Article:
Enjoying a day in another country
There’s nothing like a change of scene, so why not spend a day or two this season visiting a different hunt and making new friends?
Eve Jones suggests hunts to visit
It has been written of Captain Ronnie Wallace that, “between 1928 and 1935 he hunted 354 days with 26 different packs” and that “during 28 hunting days in 1935, he managed to hunt 32 times with seven different packs”. While few could claim to have matched such numbers, with more than 250 packs in England and Wales today, there is an abundance of history, character and country worth taking the time to visit this season.
Visiting new country can be a test of horsemanship, whether you are negotiating Derbyshire stone walls and fly fences, rugged, bracken-covered Welsh hills or the downs and marshes to the South-east’s coast for the first time. Swapping galloping hedge country of the Shires with moorland or ditches can be tricky, and a good hireling from the country is worth its weight in gold. A test of stamina is likely needed, too, in the local pubs, where the character of a hunt, shaped by its staff and stalwarts, is as interesting as its hunting. The Percy is said to have its own stirrup cup made of equal parts whisky and cherry brandy, “designed to make the fences look smaller”. (One visitor is said to have commented: “In the city this would be called an alcohol problem, in the country it’s a tipple.”)
days in the commuter belt
Hunts vary in size and running costs but the value of income from visitors to both the hunt and local businesses cannot be underestimated, particularly for smaller packs with fewer subscribers. Given the last ever fox hunt in central London happened in 1795 (the Old Berkeley recording a run from Wormwood scrubs to Kensington Gardens), the urban hunting contingent have long been accustomed to travelling for their sport and paying a premium for it. Some bigger, ‘fashionable’ hunts in the commuter belt you could say implement ‘London weighting’, with caps nearing £200 for a Saturday. These can be exhilarating days of big country with good company but can also involve negotiating large fields of the visiting “rode it like I stole it” contingent, with just a distant glimpse of hounds here and there. Packs more off the beaten track or with smaller numbers in the field often allow for a truer appreciation of their identity and a better view of how the hounds match their terrain and hunt staff go about their jobs.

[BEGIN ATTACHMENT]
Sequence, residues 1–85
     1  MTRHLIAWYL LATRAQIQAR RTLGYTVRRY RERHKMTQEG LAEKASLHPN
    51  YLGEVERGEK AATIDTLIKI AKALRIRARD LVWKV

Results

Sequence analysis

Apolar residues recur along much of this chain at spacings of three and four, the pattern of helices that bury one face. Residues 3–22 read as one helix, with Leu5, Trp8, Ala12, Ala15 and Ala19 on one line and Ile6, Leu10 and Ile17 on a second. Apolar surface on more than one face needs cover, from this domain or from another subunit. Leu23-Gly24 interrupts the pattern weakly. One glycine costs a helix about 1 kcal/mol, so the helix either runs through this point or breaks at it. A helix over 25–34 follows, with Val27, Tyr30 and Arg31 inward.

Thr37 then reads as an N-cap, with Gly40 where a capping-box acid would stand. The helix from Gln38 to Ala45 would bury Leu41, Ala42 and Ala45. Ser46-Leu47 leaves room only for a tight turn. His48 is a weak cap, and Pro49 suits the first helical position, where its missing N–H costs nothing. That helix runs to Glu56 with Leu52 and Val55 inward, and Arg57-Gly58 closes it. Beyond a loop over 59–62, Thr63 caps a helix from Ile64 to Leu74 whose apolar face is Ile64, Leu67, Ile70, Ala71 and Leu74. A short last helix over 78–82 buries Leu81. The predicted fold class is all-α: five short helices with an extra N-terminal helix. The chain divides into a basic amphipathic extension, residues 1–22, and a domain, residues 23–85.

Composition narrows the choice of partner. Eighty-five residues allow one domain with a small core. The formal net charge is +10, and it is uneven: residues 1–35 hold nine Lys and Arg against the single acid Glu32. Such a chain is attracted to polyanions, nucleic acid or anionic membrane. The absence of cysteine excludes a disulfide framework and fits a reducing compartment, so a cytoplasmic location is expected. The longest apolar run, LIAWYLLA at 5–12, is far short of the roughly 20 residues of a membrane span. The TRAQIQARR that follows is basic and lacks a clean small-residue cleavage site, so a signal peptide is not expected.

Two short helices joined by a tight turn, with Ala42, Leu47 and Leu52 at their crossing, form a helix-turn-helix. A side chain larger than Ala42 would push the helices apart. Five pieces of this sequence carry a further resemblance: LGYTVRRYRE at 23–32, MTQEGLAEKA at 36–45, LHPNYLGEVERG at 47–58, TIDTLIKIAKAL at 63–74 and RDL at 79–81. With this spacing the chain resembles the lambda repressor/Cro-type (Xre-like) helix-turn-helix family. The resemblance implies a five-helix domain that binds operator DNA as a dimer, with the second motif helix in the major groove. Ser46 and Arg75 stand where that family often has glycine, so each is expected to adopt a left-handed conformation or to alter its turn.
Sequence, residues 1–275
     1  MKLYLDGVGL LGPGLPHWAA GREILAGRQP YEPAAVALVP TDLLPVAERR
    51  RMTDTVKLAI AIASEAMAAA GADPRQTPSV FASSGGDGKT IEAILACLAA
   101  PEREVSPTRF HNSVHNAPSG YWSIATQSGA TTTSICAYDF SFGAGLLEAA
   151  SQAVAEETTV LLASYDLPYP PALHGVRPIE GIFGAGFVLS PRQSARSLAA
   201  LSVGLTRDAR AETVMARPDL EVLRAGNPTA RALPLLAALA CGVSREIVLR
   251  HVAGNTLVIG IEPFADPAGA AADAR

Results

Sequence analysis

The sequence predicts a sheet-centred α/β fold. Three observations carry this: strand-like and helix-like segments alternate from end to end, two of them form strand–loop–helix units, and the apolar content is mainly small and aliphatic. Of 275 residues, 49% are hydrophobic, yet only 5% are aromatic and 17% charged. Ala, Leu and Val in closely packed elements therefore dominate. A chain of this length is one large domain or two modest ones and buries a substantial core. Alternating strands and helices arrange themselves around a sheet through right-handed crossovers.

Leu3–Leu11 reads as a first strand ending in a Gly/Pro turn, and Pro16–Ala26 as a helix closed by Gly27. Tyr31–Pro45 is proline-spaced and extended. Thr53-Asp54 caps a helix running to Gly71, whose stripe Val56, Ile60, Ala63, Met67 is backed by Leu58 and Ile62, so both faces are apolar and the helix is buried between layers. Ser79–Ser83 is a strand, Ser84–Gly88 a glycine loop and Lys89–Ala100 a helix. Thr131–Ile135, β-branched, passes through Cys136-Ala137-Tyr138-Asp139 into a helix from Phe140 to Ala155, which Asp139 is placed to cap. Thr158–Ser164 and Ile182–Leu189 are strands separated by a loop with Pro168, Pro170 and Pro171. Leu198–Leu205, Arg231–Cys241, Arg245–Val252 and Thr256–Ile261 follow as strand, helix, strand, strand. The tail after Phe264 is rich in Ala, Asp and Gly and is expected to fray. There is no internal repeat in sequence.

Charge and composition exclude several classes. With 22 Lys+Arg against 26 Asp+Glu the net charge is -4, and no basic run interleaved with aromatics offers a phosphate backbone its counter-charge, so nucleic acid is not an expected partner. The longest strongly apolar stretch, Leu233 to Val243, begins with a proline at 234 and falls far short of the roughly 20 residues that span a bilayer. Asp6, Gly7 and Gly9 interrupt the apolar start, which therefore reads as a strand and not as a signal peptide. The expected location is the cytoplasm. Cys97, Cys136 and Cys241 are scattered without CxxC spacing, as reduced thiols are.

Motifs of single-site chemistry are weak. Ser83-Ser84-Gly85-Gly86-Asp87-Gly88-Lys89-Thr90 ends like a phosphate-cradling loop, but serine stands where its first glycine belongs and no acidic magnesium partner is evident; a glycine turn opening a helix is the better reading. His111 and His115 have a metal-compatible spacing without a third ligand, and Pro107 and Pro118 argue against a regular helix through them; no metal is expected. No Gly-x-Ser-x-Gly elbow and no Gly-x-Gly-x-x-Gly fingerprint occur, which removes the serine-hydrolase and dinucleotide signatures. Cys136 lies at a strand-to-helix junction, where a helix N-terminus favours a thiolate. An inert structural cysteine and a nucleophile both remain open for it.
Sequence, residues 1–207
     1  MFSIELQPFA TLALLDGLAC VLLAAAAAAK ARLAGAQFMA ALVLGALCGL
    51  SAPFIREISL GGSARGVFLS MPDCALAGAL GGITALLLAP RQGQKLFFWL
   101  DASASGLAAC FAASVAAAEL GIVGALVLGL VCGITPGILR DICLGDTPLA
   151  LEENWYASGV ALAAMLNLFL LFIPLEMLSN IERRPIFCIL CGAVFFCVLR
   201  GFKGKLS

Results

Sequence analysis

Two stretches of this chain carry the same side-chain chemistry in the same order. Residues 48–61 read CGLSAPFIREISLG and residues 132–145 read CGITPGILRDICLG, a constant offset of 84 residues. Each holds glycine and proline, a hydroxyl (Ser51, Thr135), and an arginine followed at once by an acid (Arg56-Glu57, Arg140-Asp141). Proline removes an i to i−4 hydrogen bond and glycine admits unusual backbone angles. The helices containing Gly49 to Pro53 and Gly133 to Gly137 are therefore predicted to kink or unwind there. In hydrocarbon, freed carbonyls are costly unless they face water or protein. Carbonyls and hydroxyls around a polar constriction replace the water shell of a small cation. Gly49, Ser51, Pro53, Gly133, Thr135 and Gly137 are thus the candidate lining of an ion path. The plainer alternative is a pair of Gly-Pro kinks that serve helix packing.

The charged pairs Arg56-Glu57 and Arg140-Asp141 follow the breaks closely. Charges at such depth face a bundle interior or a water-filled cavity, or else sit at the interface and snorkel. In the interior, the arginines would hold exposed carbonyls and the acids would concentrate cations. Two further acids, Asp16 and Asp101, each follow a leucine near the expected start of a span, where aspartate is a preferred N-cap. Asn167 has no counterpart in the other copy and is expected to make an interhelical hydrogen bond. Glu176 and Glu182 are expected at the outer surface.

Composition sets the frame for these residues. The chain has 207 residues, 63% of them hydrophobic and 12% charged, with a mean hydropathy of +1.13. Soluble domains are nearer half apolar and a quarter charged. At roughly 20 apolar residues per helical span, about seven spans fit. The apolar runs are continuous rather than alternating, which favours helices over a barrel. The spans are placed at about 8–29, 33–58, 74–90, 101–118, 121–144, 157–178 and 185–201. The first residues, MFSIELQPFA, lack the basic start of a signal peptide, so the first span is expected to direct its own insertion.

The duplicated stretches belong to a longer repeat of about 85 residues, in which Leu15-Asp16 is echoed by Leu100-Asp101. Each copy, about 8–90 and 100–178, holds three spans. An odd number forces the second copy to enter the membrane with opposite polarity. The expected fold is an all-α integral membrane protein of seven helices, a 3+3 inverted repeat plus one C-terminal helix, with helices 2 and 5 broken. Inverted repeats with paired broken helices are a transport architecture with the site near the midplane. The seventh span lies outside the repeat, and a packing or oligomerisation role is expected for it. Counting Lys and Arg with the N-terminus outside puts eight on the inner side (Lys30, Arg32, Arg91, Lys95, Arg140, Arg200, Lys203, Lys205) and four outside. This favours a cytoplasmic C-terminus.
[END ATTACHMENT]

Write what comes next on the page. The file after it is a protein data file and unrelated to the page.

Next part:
If you visit, as at home, there will be good days and bad but at the very least one will
experience some new countryside and share laughs and tales with different hunting folk, which is without any doubt worth the effort.
An advocate of visiting is Major Jeremy Sudlow, who grew up in Blackmore & Sparkford Vale (B&SV) country behind Rupert Nuttall and Mike Felton. Taking inspiration from hunting diaries and memoirs such as True To The Line by Adrian Dangar, Gone Hunting by Mary Staib and The Yellow Earl by Douglas Sutherland, Sudlow’s ambition is to hunt with every pack in the UK. “My wife, Lal, and I are not tied to an area and there are so many places that we haven’t been to in the UK we thought it would be a wonderful way of seeing the British countryside, meeting new people and hopefully giving us inspiration as to where we might want to live. We joke about ‘house hunting on horseback’.”
Only counting packs they have visited together, they’ve covered 15 over the past three seasons. “There is so much to enjoy about visiting but exploring the countryside and watching hounds hunt is upmost. We never tire of following hounds across the ever-changing country, whether it be through coverts and pasture, over moorland or skirting around arable land. The perspective you gain from horseback is unique. Being able to travel the country and watch huntsmen who have dedicated their lives to the art of the chase and have such affinity with their hounds is a real privilege and one that never gets old.”
in the playground